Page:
Albert was born in Woodley and lived all his life in the village until he travelled to Hyde to enlist into the army in November 1915. He worshipped at the Primitive Methodist Chapel and also attended the church's Sunday School. It has not been possible to identify all the members of his family but it is known that he had a brother, William, who also served in the Grenadiers.
After finishing training at the end of July 1916, he came home for a short period of leave before leaving for France. The Battle of the Somme had started on 1 July and, in a series of attacks, advances had been made (although not as quick or as far as the military planners had hoped). The attack that was scheduled to begin on 25 September would receive a later official designation as the Battle of Morval. Three Divisions, including the Guards Division, were tasked with capturing the adjacent village of Lesboeufs.
The Regimental History records that on the night of the 21st, the Grenadiers moved forward from Bernafray Wood towards assembly positions near the Ginchy/Lesboeufs Road. When they reached them, they found the trenches were so narrow that the men were unable to sit or lie down and had to remain standing, shoulder to shoulder for hours, until zero hour which was at 12.35pm on the 25th.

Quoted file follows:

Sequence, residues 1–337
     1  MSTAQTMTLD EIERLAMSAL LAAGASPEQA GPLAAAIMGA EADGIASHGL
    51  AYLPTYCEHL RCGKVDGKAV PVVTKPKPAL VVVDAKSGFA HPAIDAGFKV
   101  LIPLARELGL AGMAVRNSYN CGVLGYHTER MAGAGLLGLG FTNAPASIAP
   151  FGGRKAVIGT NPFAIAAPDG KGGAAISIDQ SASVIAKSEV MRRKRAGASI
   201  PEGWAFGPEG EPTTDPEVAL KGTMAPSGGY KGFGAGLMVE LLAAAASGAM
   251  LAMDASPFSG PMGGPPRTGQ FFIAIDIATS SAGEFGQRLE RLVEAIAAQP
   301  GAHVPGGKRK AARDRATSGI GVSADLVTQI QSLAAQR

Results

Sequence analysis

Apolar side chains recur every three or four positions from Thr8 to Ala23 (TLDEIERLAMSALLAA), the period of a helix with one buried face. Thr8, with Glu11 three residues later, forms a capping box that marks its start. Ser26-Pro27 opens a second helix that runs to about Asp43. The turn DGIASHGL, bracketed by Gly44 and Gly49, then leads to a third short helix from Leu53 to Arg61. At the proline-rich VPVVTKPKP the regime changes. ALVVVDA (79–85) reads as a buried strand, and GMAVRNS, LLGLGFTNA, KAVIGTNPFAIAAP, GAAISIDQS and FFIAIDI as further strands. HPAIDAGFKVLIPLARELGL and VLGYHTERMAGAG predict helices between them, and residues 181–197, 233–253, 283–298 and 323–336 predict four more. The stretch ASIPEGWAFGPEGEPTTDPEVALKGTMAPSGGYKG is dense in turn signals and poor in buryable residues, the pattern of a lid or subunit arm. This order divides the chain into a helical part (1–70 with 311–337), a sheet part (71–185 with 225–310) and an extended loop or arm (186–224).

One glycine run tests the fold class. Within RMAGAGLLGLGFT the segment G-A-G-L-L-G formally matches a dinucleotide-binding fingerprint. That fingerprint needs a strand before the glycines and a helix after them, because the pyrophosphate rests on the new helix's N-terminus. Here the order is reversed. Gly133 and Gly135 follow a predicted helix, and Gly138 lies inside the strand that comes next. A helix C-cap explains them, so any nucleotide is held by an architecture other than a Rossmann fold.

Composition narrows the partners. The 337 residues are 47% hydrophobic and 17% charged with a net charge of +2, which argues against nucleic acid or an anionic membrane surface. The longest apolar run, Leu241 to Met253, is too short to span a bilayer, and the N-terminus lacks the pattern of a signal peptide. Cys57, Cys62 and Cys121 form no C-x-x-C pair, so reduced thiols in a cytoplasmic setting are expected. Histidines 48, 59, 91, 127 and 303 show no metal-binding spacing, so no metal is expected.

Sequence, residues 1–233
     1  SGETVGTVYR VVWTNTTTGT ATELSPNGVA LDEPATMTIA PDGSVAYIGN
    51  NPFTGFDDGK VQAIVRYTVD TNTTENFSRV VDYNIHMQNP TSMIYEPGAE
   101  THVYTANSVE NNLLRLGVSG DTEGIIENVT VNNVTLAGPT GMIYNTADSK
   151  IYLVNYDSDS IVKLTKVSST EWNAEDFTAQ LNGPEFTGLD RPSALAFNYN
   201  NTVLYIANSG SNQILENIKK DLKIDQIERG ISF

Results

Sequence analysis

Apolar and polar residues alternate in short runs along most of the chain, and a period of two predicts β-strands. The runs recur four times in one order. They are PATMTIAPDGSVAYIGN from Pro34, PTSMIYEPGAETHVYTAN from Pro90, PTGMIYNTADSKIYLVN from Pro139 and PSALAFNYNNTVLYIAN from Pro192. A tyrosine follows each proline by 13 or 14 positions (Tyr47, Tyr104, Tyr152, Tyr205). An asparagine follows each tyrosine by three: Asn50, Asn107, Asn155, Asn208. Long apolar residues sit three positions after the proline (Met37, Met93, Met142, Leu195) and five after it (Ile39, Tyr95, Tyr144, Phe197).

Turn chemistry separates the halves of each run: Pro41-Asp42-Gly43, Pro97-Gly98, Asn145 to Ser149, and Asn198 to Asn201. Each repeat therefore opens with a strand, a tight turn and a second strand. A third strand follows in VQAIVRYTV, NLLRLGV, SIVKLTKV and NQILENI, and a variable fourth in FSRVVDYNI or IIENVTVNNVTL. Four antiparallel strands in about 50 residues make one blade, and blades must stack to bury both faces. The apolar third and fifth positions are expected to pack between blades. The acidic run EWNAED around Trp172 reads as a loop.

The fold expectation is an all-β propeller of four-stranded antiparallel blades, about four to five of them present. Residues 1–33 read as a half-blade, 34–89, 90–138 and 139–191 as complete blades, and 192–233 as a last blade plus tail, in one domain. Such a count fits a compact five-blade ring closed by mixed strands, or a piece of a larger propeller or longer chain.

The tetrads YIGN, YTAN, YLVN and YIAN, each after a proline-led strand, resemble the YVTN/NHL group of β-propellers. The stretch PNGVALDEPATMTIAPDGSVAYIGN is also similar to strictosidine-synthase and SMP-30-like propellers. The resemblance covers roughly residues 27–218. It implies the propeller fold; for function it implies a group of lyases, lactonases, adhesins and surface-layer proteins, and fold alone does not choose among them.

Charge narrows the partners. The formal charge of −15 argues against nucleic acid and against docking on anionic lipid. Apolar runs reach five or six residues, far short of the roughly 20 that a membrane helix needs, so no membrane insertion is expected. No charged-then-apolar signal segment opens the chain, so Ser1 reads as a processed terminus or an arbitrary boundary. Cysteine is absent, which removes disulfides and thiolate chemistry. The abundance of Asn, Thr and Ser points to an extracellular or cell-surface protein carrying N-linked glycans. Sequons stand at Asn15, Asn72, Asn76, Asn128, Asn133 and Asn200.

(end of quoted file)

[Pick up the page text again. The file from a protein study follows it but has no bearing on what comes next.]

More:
At zero, the men left the trenches and dashed across No Man's Land keeping close behind the creeping artillery barrage which rolled forward protecting them. But, as they crossed, they became caught in barbed wire which had been hidden by standing crops which was, miraculously, still growing in the land between the two armies. Officers ordered the men to lie down, while four officers desperately tried to cut the wire. Three were killed and the fourth wounded, but they cut enough to allow the Grenadiers through.
Although strongly held, the objective was captured by 1.30 and, after a brief rest, they pushed on. By now, there were only two officers left and most of the attack was now being led by sergeants. Fifteen minutes later, the second objective had been secured with many of the enemy killed or taken prisoner.
By 2.35, the Coldstream Guards had secured the actual village of Lesboeufs and a new trench line, 100 yards east of the village was established. While the Grenadiers were consolidating this line, a number of casualties were suffered when British artillery shells fell short into their position. Albert was one of 82 men from the Battalion who had been killed during the day.